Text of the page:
Campaign settings can be changed at any time. Once your campaign settings have been set, you can move on to creating the ad groups for the campaign.

Ad Group Creation

Within each campaign, there are ad groups. These are groups of ads that are usually based on targeted audience, CTA type (e.g. offering an ebook or free trial), or product or service. You can have multiple ad groups within each campaign, but it makes sense to keep them related, as they are part of a “parent” campaign.

Just like with campaigns, be sure to name your ad groups clearly. If you entered your main domain URL in the beginning of campaign set up, you’ll now see a box that suggests initial keywords for your campaign based on the domain. This can help you start your keyword lists.

Finding Keywords For Ad Groups

Within each ad group, you can set a keyword list that tells Google when to show your ads. Your keywords need to be relevant to the ad copy and should come across as misleading. You can do keyword research using third-party tools or Google’s Keyword Planner, which you must be signed into your AdWords account to use.  You can cross reference your findings from these tools with Google Trends, to see if certain keywords are currently more popular in searches than others.

Along with a list of “positive” keywords that you’re telling Google to show your ad for, you also need to submit a list of negative keywords. These are keywords that you don’t want your ad to show for. These could be spammy phrases, words that are sometimes used with your target keywords but aren’t related to your product, or banned words that the business isn’t allowed to use in their marketing campaigns.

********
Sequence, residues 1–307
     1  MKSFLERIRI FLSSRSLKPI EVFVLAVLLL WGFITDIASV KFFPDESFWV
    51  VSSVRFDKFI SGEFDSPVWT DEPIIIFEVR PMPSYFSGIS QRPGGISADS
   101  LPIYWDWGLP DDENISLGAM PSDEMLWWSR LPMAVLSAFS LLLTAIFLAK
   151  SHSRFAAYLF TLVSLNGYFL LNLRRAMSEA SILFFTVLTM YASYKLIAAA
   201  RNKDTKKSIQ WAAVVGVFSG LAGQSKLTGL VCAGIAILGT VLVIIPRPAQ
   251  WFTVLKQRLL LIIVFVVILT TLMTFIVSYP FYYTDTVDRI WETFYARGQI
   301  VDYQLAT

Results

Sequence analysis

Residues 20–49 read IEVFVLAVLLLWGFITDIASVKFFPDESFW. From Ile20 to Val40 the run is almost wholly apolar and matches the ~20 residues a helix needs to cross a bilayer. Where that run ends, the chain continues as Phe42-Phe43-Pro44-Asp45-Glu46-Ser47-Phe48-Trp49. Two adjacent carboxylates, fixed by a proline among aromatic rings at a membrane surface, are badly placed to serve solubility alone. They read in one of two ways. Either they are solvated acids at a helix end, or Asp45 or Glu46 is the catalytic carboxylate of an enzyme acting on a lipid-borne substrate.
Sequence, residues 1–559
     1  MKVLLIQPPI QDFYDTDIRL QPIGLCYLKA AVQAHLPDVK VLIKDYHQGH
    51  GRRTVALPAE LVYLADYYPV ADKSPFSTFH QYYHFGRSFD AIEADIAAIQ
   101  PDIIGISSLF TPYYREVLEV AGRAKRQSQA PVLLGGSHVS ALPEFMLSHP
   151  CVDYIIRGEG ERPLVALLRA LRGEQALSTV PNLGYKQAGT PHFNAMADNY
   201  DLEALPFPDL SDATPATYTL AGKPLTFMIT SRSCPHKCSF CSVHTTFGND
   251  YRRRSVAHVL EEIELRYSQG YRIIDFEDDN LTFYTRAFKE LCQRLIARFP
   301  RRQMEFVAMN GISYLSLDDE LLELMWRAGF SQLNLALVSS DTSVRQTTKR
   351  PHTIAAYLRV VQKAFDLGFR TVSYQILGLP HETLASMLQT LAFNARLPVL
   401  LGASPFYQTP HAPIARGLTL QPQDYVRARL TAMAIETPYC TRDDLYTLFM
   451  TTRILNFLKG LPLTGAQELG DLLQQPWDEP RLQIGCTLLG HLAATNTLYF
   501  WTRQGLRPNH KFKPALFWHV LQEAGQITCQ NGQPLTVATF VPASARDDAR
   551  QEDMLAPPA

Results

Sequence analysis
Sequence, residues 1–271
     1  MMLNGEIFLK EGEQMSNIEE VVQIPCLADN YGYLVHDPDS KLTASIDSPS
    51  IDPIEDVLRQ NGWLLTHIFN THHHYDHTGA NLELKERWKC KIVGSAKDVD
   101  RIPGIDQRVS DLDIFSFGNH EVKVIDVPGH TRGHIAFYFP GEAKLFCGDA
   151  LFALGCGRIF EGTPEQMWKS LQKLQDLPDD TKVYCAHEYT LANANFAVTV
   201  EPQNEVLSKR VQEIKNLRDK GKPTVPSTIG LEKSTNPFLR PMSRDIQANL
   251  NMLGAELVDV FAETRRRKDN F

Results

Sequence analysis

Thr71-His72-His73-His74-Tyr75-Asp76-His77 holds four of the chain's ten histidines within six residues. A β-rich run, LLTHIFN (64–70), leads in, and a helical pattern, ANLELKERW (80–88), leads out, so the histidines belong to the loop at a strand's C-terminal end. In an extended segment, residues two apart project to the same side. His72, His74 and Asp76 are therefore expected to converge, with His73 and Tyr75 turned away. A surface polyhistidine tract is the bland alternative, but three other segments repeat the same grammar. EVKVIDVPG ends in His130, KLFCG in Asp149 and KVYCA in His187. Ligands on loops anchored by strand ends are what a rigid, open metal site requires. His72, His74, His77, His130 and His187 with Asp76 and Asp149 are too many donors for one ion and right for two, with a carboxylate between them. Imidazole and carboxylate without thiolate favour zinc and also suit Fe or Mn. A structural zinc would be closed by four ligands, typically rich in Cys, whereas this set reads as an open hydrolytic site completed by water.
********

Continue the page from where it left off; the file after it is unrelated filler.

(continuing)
Many marketers also include a stock list of negative keywords related to inappropriate or illegal topics, such as porn, pharmaceuticals, or profanity. Clix Marketing has a good stock negative keyword list, as does TechWyse.

Copywriting the Ad

Finally, ads are the last component of a campaign, organized by ad group. Ad groups can (and should) have several different ads in them, as Google automatically rotates through and then shows the best-performing ads more than the poor performers (unless you manually select that all ads must be shown equally).  It’s good to have multiple ads with different variations of the below lines to figure out what users find enticing.

  • Final URL: Where users go when they click on your ad. It needs to match what the ad is promoting to get a good relevancy score in AdWords (which affects when and how much your ad is shown).
  • Headline 1: The starting point of your main headline, which is in blue and clickable
  • Headline 2: This is a reinforcing statement for headline 1.
  • Display path: If your final URL is long, you can make up a cleaner URL for your ad. It must use the same root domain as the final URL and shouldn’t be misleading.
  • Description: This describes the offer in more detail.

All of the lines mentioned above have character limits. Be sure to follow these so your ad doesn’t get cut off.

The Final Prep

Once you have set up your campaign, Ad Groups, and ads, do a quick overview to make sure you aren’t missing anything. You can review your billing options, which includes how much you want to bid for each ad. This is how much money you’re willing to spend every time someone clicks on your ad (whether or not they buy something from you).

Before your ads launch, you’ll need to make sure you have billing set up as well. This is found under the wrench icon on the top right. You can use a bank account or credit card to pay.

While there is a lot more to AdWords than the basic setup we just walked through, the steps above will get you started with a small business campaign that can be targeted to your specific audience and goals.